Rosemary Rosmarinus officinalis is a member of the Lamiaceae. Rosmarinic acid (RA) is a very strong antioxidant produced in the chloroplast, and used to protect plant tissues against oxidative stress. A number of investigations showed that the sucrose concentration in the callus growing medium greatly influenced the production of secondary metabolites of the phenylpropanoid pathway such as RA. The aim of this study was to test the effect of elevated sucrose concentrations (2%, 3%, 4%, 5%, and 6% sucrose) and the effect of light and dark treatments on the production of RA in the callus of five different genotypes. The genotypes were Majorca, Rosmarinus officinalis, Pine Scented, Madeline Hill, and APR. It was found that the dark treatment produces more RA than the light treatment in all genotypes, and in all sucrose concentrations. The RA concentration increased with increasing the sucrose concentration from 2%—reaching the highest concentration at 4% and 5% in most genotypes. The RA concentration declined again at 6% sucrose in all genotypes. We concluded that for the extraction of RA from rosemary callus it is preferred to be produced in the dark—this will save energy and will produce more RA than the light treatment. Also it is preferred to use sucrose concentration at 4% for genotypes Rosmarinus officinalis, Pine Scented, and APR; and 3% sucrose for genotype Madeline Hill in the dark condition. While for the light condition, it is preferred to use 5% sucrose with genotypes Majorca, Rosmarinus officinalis, Pine Scented, and Madeline Hill; and 4% sucrose for genotype APR.

Free access

Phenylalanine ammonia-lyase (PAL) enzyme is the most extensively studied enzyme in the phenylpropanoid pathway. Studies on the biosynthesis of rosmarinic acid (RA) showed that the PAL enzyme catalyzes the initial step of the phenylpropanoid pathway. The increase in RA content in plant tissues in vitro coincided with the increase in PAL activity. The aim of this study was to investigate the activity of the gene responsible for the production of the PAL enzyme in the five rosemary genotypes; this will give more understanding about the accumulation of rosmarinic acid in the five rosemary genotypes. The genotypes were Majorca, Rosmarinus officinalis, Pine Scented, Madeline Hill and APR. Northern blot hybridization between the PAL gene primer and the five genotypes' cDNA showed bands at 300 bp in all the five genotypes for the PAL gene. The expression of the PAL gene was high in genotypes Majorca, Rosmarinus officinalis, and Madeline Hill, while the expression was low in genotypes Pine Scented and APR. It was expected that the genotypes having the highest PAL gene expression will produce the highest amount of RA, but the highest genotype in PAL gene expression Madeline Hill had the lowest RA production in their leaves. This could occur due to the tissue specific regulation inside plant tissues. Inside the callus tissues, where the specific tissue regulation no longer exists, the RA was produced in repetitively large amounts in genotypes with high PAL gene expression.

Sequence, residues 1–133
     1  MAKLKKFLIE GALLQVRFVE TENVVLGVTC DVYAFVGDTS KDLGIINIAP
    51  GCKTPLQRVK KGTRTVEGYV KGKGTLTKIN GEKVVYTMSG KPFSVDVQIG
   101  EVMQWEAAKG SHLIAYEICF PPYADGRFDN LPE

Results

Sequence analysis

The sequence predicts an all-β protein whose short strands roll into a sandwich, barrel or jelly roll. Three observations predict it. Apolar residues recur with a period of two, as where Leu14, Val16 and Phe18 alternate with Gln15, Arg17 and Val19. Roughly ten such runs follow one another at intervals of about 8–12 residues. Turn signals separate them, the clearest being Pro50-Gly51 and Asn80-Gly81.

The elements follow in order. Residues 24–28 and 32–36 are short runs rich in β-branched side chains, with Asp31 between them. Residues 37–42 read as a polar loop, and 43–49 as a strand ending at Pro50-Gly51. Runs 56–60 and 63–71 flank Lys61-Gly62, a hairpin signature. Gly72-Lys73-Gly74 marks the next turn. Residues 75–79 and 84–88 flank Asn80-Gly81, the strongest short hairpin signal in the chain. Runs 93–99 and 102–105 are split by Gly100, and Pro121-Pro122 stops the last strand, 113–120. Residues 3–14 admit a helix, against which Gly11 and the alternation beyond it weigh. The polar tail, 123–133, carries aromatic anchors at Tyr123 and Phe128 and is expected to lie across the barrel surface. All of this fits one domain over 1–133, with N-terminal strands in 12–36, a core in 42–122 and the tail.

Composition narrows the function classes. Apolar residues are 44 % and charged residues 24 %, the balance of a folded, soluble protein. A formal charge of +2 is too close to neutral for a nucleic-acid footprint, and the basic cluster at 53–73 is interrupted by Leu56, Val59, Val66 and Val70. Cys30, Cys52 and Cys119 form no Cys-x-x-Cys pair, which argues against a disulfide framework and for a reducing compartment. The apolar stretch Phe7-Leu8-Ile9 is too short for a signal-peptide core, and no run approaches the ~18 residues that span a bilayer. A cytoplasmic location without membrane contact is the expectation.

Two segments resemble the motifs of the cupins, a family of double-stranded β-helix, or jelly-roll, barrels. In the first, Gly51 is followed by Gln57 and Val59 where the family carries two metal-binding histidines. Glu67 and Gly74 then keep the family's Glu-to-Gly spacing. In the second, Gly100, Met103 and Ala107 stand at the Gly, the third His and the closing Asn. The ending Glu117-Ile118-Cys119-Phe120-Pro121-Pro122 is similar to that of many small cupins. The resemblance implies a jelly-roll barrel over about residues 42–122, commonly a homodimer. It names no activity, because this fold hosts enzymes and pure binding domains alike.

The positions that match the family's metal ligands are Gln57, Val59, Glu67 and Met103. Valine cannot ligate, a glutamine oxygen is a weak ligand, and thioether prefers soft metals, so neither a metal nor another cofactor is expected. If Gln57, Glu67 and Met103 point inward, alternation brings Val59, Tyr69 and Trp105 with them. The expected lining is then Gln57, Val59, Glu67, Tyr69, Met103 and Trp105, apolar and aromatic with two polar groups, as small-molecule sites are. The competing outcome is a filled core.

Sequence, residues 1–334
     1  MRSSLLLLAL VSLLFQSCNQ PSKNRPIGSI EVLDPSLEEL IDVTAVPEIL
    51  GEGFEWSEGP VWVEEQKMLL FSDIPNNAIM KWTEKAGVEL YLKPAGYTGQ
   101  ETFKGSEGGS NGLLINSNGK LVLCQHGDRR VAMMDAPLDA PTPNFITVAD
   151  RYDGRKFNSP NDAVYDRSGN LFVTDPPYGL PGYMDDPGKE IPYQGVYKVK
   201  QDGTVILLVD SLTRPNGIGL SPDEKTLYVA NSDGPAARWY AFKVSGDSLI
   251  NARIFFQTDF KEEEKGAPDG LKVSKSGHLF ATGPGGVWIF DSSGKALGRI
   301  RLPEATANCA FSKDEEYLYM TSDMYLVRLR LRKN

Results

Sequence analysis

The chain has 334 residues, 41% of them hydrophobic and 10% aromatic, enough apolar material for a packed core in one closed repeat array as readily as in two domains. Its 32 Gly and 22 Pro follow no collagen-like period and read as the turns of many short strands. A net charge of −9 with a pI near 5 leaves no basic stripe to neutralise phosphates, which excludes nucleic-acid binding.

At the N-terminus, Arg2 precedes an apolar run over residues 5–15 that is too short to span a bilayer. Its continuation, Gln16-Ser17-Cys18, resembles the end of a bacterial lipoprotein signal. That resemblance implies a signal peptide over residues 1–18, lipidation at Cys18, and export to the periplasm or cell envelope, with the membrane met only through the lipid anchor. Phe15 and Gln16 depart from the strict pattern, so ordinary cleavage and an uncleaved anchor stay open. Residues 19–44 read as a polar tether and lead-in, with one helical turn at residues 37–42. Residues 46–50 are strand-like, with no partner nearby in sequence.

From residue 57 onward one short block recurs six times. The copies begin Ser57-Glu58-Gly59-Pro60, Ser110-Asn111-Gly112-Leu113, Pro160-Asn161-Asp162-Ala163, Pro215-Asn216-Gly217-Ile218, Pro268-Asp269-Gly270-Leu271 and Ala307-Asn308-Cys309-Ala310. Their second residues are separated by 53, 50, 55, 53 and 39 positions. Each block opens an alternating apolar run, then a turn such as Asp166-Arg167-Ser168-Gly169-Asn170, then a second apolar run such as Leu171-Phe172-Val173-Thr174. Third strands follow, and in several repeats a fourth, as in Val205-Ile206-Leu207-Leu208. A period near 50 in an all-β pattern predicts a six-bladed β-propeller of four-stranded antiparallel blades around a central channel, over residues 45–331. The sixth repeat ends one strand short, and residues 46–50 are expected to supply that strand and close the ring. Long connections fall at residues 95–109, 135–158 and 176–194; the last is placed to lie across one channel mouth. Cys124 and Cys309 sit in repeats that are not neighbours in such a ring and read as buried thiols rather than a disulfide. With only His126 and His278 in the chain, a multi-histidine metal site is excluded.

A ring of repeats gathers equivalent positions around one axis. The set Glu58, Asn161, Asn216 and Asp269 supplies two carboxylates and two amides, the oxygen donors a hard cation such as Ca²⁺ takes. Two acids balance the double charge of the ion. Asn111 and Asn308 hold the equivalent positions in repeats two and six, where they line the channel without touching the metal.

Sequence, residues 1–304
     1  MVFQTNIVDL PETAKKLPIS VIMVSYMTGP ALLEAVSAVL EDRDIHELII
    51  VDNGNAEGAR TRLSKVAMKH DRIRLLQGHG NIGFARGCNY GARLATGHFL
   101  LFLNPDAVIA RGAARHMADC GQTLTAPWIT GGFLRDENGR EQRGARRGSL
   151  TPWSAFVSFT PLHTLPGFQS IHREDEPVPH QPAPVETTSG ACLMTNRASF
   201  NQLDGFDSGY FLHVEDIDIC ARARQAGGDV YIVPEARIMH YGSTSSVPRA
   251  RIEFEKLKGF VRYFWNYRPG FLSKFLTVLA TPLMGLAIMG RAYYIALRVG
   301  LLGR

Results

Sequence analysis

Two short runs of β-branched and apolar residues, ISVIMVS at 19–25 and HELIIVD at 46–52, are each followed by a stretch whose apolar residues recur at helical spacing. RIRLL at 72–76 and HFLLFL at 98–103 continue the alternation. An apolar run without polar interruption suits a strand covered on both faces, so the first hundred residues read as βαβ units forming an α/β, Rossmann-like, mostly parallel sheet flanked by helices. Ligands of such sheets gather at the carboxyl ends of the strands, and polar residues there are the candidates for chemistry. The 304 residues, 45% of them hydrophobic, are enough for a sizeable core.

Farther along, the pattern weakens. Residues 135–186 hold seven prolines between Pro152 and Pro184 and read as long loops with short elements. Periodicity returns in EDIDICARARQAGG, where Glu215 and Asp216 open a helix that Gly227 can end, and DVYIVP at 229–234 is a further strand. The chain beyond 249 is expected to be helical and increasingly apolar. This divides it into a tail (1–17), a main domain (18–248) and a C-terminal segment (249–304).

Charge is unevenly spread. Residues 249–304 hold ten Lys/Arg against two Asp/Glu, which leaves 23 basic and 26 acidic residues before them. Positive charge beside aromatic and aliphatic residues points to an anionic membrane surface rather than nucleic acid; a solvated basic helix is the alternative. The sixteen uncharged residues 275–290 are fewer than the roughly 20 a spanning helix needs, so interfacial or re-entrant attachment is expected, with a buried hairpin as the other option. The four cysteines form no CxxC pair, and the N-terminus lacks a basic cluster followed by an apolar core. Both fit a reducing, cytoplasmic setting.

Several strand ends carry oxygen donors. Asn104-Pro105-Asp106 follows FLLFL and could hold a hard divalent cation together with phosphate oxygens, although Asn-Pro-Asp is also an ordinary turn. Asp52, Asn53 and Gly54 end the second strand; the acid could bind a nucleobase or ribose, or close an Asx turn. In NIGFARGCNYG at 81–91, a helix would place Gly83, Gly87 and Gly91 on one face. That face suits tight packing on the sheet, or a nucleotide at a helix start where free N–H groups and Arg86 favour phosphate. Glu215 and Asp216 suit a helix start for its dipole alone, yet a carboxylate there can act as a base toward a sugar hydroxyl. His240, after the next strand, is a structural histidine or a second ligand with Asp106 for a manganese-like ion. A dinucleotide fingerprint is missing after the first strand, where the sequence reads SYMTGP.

Free access